The second half of the festival opened with a march composed by Stephen Bulla, Washington Salute 125, which was originally written for a visit to Washington by General Eva Burrows, during the 125th anniversary year of The Salvation Army. More solo items followed, beginning with the cornet duet Quicksilver (Peter Graham), brilliantly played by Ian Anderson and soprano cornet Noel Morris.
The Music Secretary for the USA Southern Territory, Dr. Richard E. Holz, has been a strong supporter of the National Capital Band over the years. Following the cornet duet, he came to the podium to present the former bandmasters in attendance with engraved crystal pieces in appreciation of their service to the NCB.
This was followed by an interesting new vocal arrangement by Stephen Bulla, Shine On Us (Michael W. Smith), sung by Wendy Hopper and accompanied by Stephen Bulla (piano), Randi Bulla (flügelhorn), and former NCB principal Eb horn Connie Barrington.
Traveling furthest to the Anniversary Weekend was former NCB bandmaster Lars-Otto Ljungholm and his wife Ingrid. Ljungholm, Divisional Music Director in the National Capital and Virginia area for 13 years, is now the Territorial Music Secretary in his native Sweden and bandmaster of the renowned Stockholm South Citadel Band. Because of travel arrangements, Ljungholm was not able to stay for the Reunion Concert on Sunday, and so was asked to participate in the Saturday festival. Following the vocal solo, he played the cornet solo I'd Rather Have Jesus, leading into a devotional section of the program.
Two of the hallmarks of the National Capital Band over its long history have been the support for younger players joining the band and a strong spiritual component to the band's mission. At the Anniversary Festival, both of these were illustrated by a personal testimony given by Kevin Affum, first cornet, who is a sophomore at the University of Maryland, preparing for eventual studies in medical school. This was followed by Kenneth Downie's sensitive arrangement Shekinah, conducted by Bandmaster Ljungholm. Band Chaplain Joe DeMato read a portion of Scripture as the devotional period ended.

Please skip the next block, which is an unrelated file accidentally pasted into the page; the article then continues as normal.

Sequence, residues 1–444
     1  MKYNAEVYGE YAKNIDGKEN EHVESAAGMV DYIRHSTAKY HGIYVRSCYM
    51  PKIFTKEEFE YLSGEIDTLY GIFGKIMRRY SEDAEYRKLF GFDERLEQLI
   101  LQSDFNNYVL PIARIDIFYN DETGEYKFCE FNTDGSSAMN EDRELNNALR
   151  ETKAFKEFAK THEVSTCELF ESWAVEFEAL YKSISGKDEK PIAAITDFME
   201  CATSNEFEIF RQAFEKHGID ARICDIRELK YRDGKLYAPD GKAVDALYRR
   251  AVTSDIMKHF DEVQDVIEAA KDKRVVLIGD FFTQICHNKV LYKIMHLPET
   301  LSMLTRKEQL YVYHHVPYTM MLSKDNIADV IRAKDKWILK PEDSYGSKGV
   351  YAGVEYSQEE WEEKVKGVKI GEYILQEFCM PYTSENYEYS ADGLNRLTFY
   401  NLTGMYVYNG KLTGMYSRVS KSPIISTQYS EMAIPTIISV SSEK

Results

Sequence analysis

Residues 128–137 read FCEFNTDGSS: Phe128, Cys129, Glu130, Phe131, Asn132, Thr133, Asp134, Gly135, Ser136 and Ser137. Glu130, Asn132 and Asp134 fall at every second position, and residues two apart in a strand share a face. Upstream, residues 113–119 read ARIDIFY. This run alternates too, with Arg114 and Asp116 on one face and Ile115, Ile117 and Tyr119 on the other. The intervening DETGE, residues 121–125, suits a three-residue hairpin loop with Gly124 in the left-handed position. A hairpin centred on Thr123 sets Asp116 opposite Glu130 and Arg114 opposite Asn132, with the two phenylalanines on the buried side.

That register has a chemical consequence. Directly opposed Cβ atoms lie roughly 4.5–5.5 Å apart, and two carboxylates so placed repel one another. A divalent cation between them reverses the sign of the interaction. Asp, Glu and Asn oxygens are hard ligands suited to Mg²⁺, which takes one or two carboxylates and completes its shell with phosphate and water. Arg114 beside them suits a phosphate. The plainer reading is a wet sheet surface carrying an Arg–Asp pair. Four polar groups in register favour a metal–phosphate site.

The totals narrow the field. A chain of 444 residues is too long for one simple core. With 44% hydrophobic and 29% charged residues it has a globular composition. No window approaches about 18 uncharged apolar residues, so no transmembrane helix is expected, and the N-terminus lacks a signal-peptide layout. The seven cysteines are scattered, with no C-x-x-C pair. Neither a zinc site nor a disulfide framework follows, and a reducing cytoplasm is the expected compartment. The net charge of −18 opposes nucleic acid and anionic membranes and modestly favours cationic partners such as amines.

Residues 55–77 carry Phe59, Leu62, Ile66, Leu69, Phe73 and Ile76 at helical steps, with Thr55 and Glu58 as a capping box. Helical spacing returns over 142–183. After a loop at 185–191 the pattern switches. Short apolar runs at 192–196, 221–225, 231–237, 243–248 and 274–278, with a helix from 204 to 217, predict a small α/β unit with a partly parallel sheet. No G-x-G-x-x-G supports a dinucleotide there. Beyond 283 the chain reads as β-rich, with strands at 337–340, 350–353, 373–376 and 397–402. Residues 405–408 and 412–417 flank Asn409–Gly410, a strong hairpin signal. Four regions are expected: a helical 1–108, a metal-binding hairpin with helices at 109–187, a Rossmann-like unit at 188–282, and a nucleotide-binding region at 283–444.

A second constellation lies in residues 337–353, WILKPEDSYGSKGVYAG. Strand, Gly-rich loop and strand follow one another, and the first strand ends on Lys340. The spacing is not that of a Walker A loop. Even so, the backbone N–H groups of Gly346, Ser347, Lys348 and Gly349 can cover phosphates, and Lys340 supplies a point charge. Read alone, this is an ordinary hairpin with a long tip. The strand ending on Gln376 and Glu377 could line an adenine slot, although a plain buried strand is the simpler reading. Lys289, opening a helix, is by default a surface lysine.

The major work for the second half of the program was the tone poem A Psalm of Praise (James Curnow), which was featured by the NCB in its performance at the Great American Brass Band Festival in June 2005. The final item was William Himes' arrangement of the Founder's Song, O Boundless Salvation, a four-verse setting with the audience enthusiatically singing. At the last verse, Robert Schramm jumped up from his first baritone chair and grabbed the band's Salvation Army flag, waving it as the congregation and the band brought the piece to a ringing conclusion. Following the benediction, the band played one encore item, the old classic march On the King's Highway (Erik Leidzén).
The final event of the 80th Anniversary Weekend was the Reunion Concert, featuring the Reunion Band and Chorus. Fifty former and current members of the National Capital Band played in the Reunion Band, filling the platform at the Alexandria Citadel Corps, and even more participated in the Reunion Chorus. Seven different conductors took the baton, and the five NCB members known to have more than thirty years of service with the band were recognized.
The festival, held on Sunday afternoon, 13 November 2005, began with words of welcome from the corps officer at Alexandria Citadel, Major Tony Barrington, who is the band's current principal euphonium. Commissioner Raymond Cooper led a congregational song and Lt.-Col. Mary Lee Goodier offered an invocation. The concert was then turned over to former NCB executive officer and principal trombone, Lt.-Col. Tom Jones, who chaired the proceedings in his own unique style.
The concert began with two items conducted by Bandmaster Campbell Robinson, the longest-serving conductor in the history of the band. He conducted two items, the first being Leslie Condon's festival march Celebration. The second was a more lyrical item, The Beautiful City (Erik Silfverberg). Robinson was followed by Deputy Bandmaster Robert C. Schramm, conducting his own composition, The Children's Song. Schramm, who served as deputy bandmaster under both Campbell Robinson and Stephen Bulla (a total of 37 years), was unable to take his usual seat in the euphonium section because of a recent health problem.